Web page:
Seventeen and a half years ago Germany was divided in two parts. West Germany had democracy and a social market economy. But I lived in East Germany, which was ruled by a kind of dictatorship (even though the official name was “German Democratic Republic“) with a centrally planned economy. The computer technology in our country was at least a decade out of date and a home computer cost triple the monthly income of one of my parents. So I had no chance to get my finger on one.
On my birthday in 1989 a Russian tele game had been given to me. A friend of my farther, who was working in the former Soviet Union, brought it along. The handheld was only able to let me play one game but at that time I was very happy. In the game you had to catch the rolling eggs from four sides. When a egg pitched onto the ground you lost a life. The game characters based on a famous Russian animation series called “Nu, pogodi!“, which was also known in East Germany. That was my first contact with electronic games.
In the November of the same year the “Berlin Wall” had fallen and the inner German border was opened. A half year later the GDR still was existing but a lot had already changed. Nonetheless I met the Hare and the Wolf again being on holiday. There was a arcade gaming machine called “Poly Play” with different games. The funniest of all was a “Pac-Man” clone starring the characters from “Nu, pogodi!”.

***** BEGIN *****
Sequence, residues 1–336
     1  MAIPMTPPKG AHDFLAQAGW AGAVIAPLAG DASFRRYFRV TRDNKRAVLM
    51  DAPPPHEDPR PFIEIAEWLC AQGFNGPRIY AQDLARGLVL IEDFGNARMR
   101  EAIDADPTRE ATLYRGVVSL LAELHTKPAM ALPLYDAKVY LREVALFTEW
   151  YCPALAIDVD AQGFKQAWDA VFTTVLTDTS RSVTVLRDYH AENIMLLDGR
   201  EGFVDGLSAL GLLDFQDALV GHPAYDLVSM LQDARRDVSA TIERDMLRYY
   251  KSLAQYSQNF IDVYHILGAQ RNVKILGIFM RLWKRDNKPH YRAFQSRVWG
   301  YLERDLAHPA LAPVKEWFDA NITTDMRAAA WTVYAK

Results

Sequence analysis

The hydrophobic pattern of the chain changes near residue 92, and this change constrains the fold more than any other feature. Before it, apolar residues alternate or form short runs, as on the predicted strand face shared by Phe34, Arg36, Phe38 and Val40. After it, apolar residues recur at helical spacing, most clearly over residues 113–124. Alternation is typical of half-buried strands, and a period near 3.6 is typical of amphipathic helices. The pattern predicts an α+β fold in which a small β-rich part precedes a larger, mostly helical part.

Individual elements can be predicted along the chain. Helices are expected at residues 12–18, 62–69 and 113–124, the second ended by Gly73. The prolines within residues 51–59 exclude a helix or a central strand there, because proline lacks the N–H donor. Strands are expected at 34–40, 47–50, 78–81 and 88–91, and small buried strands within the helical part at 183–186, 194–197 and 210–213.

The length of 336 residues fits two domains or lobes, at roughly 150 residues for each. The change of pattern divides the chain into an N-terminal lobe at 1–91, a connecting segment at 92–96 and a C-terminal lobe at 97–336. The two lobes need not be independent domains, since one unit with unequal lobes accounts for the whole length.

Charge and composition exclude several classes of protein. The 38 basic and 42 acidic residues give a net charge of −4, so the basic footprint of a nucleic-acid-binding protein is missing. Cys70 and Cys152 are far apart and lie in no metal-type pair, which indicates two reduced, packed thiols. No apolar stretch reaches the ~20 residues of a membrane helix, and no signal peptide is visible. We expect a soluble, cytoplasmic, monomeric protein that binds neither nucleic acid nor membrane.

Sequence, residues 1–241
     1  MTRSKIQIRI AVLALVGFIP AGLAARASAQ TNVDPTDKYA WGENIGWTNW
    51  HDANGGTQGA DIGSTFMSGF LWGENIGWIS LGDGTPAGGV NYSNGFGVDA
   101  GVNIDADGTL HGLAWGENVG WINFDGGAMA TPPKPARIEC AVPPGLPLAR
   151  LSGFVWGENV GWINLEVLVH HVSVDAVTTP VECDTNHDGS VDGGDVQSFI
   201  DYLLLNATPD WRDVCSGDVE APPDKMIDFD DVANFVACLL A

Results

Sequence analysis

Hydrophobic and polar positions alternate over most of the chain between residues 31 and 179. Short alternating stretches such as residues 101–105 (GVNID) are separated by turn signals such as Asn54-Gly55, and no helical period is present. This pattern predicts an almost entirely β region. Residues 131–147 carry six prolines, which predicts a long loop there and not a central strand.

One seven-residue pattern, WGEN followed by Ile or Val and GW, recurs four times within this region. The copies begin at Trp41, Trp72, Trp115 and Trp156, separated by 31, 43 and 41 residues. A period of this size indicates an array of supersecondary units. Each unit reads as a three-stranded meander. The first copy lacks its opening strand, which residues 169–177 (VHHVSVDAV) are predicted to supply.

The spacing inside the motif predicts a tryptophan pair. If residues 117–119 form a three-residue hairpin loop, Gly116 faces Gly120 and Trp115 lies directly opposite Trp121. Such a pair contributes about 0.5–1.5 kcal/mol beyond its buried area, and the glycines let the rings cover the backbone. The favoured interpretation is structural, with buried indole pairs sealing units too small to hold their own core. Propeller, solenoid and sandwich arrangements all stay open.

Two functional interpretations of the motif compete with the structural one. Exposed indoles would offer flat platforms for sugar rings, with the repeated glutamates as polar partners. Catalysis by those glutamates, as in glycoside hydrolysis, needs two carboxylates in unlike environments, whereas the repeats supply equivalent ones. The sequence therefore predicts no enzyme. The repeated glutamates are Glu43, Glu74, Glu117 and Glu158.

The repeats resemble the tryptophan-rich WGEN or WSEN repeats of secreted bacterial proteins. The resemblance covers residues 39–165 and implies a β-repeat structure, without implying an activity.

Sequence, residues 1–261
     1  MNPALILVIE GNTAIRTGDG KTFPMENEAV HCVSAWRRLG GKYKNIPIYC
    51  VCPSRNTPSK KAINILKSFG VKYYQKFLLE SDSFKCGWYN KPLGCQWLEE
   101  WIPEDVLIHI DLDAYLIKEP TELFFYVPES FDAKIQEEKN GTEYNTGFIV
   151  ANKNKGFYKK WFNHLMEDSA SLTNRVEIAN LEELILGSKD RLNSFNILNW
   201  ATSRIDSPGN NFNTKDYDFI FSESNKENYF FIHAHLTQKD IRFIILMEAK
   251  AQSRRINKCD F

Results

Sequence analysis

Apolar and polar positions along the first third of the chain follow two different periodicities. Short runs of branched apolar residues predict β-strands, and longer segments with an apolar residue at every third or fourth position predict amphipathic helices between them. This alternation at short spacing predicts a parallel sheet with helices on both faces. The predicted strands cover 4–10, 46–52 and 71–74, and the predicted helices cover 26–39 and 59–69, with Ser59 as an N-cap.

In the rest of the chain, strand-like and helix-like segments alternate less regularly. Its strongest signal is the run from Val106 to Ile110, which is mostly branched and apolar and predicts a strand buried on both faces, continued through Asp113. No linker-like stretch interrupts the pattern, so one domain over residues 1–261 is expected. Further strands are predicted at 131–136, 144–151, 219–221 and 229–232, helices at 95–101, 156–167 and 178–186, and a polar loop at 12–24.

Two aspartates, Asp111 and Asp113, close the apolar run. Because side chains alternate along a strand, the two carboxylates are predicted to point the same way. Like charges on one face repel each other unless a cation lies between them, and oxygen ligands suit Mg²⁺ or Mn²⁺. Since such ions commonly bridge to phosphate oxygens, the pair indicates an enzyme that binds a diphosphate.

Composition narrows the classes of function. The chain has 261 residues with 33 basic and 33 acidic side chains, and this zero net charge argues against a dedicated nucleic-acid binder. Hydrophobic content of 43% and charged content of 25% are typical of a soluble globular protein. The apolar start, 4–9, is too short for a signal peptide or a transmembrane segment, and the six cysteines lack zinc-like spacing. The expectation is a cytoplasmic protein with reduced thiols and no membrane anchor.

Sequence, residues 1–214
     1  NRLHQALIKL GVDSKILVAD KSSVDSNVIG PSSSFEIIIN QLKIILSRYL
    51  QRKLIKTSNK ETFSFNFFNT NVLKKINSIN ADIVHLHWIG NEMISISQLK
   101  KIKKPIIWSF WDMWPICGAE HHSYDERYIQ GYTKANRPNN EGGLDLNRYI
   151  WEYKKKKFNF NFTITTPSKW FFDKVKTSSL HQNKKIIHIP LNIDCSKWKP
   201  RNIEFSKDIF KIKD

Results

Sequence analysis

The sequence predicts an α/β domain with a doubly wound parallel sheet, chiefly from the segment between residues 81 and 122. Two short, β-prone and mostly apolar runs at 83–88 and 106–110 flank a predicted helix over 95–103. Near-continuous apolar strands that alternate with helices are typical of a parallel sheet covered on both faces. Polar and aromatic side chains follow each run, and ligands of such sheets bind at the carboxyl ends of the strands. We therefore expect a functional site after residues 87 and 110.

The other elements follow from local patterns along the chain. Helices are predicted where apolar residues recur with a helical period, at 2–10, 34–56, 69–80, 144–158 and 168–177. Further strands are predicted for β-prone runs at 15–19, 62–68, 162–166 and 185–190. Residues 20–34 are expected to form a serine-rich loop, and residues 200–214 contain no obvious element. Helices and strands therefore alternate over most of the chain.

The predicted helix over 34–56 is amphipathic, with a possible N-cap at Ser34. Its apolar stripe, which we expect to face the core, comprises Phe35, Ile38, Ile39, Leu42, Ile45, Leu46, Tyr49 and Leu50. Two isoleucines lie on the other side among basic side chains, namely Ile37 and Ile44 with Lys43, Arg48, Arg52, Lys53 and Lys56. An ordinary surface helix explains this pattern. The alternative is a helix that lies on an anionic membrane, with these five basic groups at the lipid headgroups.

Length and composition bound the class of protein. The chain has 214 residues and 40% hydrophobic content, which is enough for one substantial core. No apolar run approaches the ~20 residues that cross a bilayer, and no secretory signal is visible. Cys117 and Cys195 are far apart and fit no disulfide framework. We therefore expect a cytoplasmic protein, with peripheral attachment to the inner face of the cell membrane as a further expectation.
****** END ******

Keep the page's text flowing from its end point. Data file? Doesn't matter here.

In the summer I was attending a computer club, where I got in contact with the “Robotron KC 87“. There I programmed my first game. You only had to hit a key on right time to shoot a rocket, which had to strike a car driving from the top to the bottom of the screen again and again.
With the “German Reunification” on October 3rd, 1990 my parants were able to bestow me my first own computer at the following Christmas: A “Commodore 64“. At that time I was eleven years old.